Everything from divorce and death to dysfunction and domestic abuse brings people of all ages and all walks of life back into the dating world; a typically uncomfortable place for those who had no intentions of returning. Many are also adjusting to a life of solo parenting. Their kids are, by proxy, introduced to the dating scene too, and their discomfort level likely tops that of the parent.
With this growing occurrence of single, divorced and widowed parents in the dating scene, there’s a growing concern about prioritizing children’s needs while balancing personal ones.
Solo parents have a lot on their proverbial plate. Taking care of children can be challenging enough for two adults, but when only one has the responsibilities and roles of mom and dad, it can certainly be overwhelming.
Still, with all there is to consider, it’s important for single parents to remember that children are being molded by their circumstances. And, for the record, it’s not the single-parent situation that poses any threat. Just like divorce or death, it’s how the situation is handled by the parent that determines whether or not a child will flourish.
Of course, how solo parents handle the balancing act involved in entering the dating scene is certainly a determining factor.
Think Before You Date
Though there is certainly a need to move forward with your personal life, it is vital to think about your child’s needs, feelings and experience before diving head first into the deep end of the dating pool. Children don’t always have the developmental skills necessary to communicate their needs or feelings effectively. It is your job as the parent to know what they need and ask how they feel.
Learn ways to compassionately and openly communicate with your child. Creating an emotionally, physically and spiritually safe place for communication is key to gaining their trust so they can open up. This also lays the groundwork for open lines of communication necessary to prevent any dating situations that might otherwise be disastrous for and detrimental to them.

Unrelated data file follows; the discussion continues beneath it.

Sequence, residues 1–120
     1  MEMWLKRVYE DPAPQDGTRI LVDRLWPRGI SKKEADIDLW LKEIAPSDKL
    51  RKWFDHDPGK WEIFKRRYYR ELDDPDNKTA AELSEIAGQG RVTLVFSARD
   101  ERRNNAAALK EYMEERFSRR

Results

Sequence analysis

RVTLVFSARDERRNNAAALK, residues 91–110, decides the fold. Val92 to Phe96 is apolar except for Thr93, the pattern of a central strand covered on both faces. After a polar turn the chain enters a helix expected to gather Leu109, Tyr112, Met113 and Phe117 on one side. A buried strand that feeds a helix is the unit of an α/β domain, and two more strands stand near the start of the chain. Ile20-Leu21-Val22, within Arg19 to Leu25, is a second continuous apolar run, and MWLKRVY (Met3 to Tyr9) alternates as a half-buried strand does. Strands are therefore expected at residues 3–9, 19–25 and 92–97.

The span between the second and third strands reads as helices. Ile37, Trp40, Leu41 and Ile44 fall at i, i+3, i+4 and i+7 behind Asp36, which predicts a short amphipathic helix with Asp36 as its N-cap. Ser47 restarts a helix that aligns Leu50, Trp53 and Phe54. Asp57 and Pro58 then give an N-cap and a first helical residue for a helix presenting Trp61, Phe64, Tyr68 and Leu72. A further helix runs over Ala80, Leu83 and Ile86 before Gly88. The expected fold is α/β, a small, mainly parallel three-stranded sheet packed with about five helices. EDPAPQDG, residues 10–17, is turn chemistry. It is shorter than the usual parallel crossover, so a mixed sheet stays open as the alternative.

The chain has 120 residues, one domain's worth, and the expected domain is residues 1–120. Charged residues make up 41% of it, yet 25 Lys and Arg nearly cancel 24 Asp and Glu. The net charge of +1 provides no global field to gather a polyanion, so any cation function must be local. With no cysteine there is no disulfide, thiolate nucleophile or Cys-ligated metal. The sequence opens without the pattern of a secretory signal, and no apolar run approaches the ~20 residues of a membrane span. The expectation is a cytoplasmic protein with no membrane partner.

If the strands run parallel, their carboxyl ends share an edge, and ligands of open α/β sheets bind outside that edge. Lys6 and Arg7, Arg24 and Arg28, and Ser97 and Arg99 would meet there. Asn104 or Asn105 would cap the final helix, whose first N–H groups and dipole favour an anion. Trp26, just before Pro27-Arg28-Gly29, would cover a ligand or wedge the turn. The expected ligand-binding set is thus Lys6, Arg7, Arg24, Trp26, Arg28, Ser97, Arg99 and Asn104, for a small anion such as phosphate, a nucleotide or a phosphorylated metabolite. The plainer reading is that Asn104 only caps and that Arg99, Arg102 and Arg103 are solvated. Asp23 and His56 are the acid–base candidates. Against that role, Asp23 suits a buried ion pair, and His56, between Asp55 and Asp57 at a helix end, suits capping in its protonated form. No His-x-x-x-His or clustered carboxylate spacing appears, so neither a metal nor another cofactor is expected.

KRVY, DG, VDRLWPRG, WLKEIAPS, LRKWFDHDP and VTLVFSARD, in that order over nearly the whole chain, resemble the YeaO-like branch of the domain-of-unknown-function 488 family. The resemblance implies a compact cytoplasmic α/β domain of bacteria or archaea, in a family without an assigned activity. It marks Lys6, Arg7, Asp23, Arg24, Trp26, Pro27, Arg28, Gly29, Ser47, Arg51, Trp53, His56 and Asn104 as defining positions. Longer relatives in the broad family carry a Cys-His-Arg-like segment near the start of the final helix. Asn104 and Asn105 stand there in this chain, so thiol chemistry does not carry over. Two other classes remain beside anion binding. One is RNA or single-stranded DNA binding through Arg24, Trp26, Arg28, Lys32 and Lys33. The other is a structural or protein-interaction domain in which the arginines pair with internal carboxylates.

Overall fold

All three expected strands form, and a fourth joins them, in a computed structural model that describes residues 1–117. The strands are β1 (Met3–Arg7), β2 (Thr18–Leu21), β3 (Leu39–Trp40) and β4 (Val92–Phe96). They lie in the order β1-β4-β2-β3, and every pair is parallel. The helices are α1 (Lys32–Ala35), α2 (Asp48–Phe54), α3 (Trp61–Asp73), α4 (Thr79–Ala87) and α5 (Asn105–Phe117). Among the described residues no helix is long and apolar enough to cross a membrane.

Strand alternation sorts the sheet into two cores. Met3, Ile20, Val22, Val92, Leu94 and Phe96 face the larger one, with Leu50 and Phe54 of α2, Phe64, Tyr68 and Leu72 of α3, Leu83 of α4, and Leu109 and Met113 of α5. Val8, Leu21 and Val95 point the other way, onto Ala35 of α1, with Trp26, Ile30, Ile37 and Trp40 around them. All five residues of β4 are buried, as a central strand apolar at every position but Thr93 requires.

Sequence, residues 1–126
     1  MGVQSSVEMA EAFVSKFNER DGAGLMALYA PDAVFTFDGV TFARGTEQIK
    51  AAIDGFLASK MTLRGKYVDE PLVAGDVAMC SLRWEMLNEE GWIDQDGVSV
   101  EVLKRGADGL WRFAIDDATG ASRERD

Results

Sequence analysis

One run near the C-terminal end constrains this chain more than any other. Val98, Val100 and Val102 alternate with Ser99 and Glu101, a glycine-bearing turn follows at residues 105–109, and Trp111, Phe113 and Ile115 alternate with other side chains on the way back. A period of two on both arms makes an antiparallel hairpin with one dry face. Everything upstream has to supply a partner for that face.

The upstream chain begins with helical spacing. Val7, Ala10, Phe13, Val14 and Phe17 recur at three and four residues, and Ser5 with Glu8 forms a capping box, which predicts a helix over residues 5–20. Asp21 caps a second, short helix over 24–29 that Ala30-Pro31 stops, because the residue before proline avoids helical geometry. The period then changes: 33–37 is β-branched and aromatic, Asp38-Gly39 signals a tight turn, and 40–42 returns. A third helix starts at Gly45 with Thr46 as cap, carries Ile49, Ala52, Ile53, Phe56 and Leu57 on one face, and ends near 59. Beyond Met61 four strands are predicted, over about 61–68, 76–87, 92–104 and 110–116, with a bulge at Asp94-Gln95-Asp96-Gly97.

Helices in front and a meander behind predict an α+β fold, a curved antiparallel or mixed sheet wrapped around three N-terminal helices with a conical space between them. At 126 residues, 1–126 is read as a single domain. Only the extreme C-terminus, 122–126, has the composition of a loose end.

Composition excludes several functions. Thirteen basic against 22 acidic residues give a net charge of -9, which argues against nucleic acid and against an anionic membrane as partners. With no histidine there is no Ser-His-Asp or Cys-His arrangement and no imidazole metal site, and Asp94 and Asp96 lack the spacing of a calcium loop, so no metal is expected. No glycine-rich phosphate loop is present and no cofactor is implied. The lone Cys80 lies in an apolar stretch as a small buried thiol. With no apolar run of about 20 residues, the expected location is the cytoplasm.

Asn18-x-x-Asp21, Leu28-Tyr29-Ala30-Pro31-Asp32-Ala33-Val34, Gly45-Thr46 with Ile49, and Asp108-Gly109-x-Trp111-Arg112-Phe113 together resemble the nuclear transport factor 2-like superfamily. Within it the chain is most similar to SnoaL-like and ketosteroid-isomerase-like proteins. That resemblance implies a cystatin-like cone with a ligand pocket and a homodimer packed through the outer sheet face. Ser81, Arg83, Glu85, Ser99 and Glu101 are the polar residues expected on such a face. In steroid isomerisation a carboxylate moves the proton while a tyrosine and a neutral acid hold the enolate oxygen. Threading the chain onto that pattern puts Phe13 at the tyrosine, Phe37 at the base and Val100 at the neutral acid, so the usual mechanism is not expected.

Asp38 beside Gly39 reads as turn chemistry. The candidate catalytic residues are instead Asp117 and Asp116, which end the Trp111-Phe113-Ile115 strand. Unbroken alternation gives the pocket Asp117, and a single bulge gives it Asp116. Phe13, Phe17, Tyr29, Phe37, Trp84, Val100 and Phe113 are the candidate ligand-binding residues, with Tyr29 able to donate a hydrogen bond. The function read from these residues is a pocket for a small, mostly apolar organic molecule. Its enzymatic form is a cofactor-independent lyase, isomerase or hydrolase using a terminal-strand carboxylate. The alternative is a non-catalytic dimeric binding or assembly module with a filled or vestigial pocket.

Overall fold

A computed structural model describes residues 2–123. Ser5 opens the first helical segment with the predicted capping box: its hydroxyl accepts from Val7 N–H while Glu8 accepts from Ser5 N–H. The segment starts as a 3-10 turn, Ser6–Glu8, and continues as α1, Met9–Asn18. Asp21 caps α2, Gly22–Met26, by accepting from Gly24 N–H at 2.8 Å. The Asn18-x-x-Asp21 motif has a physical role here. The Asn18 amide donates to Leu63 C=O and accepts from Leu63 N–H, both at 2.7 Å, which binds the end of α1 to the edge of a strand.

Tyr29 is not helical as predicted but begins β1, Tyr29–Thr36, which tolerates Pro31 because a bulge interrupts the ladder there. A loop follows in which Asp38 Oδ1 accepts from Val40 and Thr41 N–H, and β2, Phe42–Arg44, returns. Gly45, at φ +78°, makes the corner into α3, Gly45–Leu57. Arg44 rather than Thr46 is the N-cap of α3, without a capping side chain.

Kids need more than physical safety, food, shelter and clothing. Those are merely basic survival needs. Educating yourself via online resources or parenting and child development books is one way to be sure you are considering your child’s holistic needs while honoring your own.
Exercise Extreme Caution
In the dating world, there is a very real threat of predatory circumstances and abuse that all too often occurs in solo parent situations.
Single, divorced and widowed parents can sometimes be vulnerable to these predators simply because they may be struggling with their own emotional, spiritual and personal growth issues. In these instances, solo parents can become too trusting too quickly as a result of their need to ease their own grief or feelings of loneliness. Don’t introduce children too hastily without first considering the potential for harm.
Even without the worst-case scenario of inadvertently inviting a sexual predator or abuser into your child’s life, children can certainly become emotionally attached to any individual, especially if they are also seeking to fill a void. If you are not yet certain about a commitment, this can lead to a revolving-door situation which will ultimately leave the child confused and struggling with varying degrees of compounded grief.
Be patient with the dating process, maintain healthy boundaries and respect the privacy of and duty to protect your child.
It’s Not All About You
Remember, as a parent, your first priority is your child. As you likely know, it’s not all about you anymore. So, when it comes to entering the dating scene, keep that in mind. Your child’s needs, safety and overall experience must be considered, first and foremost.
Gently remind yourself that what is typically best for your child is also best for you. The dating process and potential life partners are no exception. As such, your decisions with regard to who and how you date, as well as the speed at which you involve your child directly, will have a lasting impact on everyone. In that way, honoring your child’s needs, feelings and experience will also honor that of your inner child, creating a positive lifelong lesson for the kids and a life-changing experience for you.
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